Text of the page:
From interstate car crashes and traffic stops to drug busts and burglaries, everyday police work often entails danger. Besides the daily risks of encountering criminal perpetrators, there are some not-so-obvious, hidden, and deadly threats. More recently, illegally made fentanyl cases seem to be on the rise.
Center for Disease Control and Prevention (CDC) states that "Over 150 people die every day from overdoses related to synthetic opioids like fentanyl."
First responders are likely to come across a mixture of harmful drugs during job duties. These illicit drugs can include hallucinogens, methamphetamine, cocaine, and opioids like fentanyl and heroin.
The potential threat of unknowingly coming in contact with these substances during routine work poses a serious risk to public health workers, first responders, law enforcement, and laboratory analysis technicians.
According to the U.S. Department of Justice, "Any substance suspected to contain fentanyl should be treated with extreme caution as exposure to a small amount can lead to significant health-related complications, respiratory depression, or death."
Because fentanyl is synthetic and is factory-made, this causes an increasing concern for crime scene investigators, drug analysts, and crime lab personnel. Fentanyl can be in the form of liquids, powders, and pills. Even in small doses, it can be deadly and often unnoticeable.
The evidence collected at a crime scene can involve the illegal substance itself, chemicals used to create the drug, utensils used to create or use the substance, and containers used to store the narcotics. Any small trace amount of fentanyl presented on the evidence can be toxic to the crime scene and laboratory technicians.
Sampling and analyzing such evidence can represent the highest risk of exposure and contamination. This risk is why safety laboratory environments and personal protective equipment are essential for the forensic industry.
One of the biggest challenges first-responders face in dealing with fentanyl is the lack of specialized training and essential safety equipment. While latex gloves are standard PPE, if toxic powders are suspected at the crime scene and in the laboratory, it is crucial to have the safest lab equipment possible.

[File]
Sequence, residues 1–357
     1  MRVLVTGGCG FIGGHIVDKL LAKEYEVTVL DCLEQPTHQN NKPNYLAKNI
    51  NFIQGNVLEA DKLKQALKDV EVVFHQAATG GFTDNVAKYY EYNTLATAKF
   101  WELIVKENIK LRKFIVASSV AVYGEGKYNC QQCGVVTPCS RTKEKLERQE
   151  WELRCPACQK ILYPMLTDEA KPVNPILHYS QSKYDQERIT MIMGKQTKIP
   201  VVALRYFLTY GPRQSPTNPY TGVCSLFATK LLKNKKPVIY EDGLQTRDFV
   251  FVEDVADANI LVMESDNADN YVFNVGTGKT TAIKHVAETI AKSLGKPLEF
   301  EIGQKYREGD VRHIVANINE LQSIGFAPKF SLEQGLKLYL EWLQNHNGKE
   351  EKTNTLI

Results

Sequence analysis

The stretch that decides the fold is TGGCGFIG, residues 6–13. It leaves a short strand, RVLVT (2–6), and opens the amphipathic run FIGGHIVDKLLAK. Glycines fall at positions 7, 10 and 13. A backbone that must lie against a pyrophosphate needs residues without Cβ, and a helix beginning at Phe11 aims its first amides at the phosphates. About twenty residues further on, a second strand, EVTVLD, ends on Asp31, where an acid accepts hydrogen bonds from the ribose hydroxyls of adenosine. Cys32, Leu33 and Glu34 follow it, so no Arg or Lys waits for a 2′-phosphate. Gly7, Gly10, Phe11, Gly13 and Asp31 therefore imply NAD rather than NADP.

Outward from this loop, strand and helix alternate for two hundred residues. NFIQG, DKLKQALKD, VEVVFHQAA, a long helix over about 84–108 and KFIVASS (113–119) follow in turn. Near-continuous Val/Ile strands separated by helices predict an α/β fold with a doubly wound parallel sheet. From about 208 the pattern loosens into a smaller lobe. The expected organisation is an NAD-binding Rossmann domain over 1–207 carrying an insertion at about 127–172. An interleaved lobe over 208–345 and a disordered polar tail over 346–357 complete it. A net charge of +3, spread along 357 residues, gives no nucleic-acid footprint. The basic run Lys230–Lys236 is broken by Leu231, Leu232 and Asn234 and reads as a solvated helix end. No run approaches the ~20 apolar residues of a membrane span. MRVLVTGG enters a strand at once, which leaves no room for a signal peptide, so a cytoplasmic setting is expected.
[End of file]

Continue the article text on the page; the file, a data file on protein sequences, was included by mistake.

While a well-equipped state and federal forensic laboratory ranges from general lab instruments, evidence drying chambers, biological safety cabinets, DNA evidence processing cabinets, and chemical fume hoods; local, county, and city laboratories do not always have top tier equipment.
Regarding risk handling guidelines, the Fentanyl Safety for First Responders reportsuggests that processing exhibits under "HEPA or plumbed filtration" in lower to moderate cases is the best way to prevent airborne contamination.
Negative pressure fume hoods are designed for handling powders with toxic ingredients and allow forensic chemists to analyze evidence inside a controlled enclosure safely.
The use of chemical fume hoods in a forensic laboratory should always be considered where fentanyl may be present and in all cases of drug sampling, precisely because of the filtration technology involved.
The number one recommendation from the Centers for Disease Control and Prevention to "reduce employees' exposures to cocaine, fentanyl, heroin, and methamphetamine" is improving the use of "enclosed or semi-enclosed ventilated spaces in controlled substances laboratories."
The Mystaire Latitude™ Fentanyl Filtered Hood provides a negative pressure environment and effectively pulls any particulate away from the operator, eliminating end-user exposure. The Fentanyl Filtered Hood is ideal for protecting forensic scientists because of the turbulence-free, redundant HEPA filtration system with constant face velocity and filter monitoring.
The EverSafe III, TOUCH Safety Controller on the fume hood, provides added security and removes the guesswork associated with proper fume hood function. Meeting fume hood requirements, OSHA and ANSI/AIHA standards, EverSafe constantly monitors the complete filtration system and displays airflow at the face of the Hood. The advanced audible and visual alarms alert the end-user if airflow or filter issues arise during operation.
Another reason why The Mystaire Latitude™ Fentanyl Filtered Hood is ideal for forensic analysis is the added waste disposal port. A waste or biohazard bag can easily be attached and ensures your safety is never compromised while removing contaminated weighing vessels, evidence bags, boxes, and examination gloves from the work area.
The Drug Enforcement Administration (DEA) recommends that professionals conduct drug analysis and field tests in a proper crime scene laboratory. Double-check that your forensic laboratory has superior protection, enhanced technology, and the best safety services.
Protecting against this ongoing drug crisis is a job for everyone involved. We know how important it is for first-responders to improve and help our community, but ensuring the safety of all public service officials is priority for Mystaire.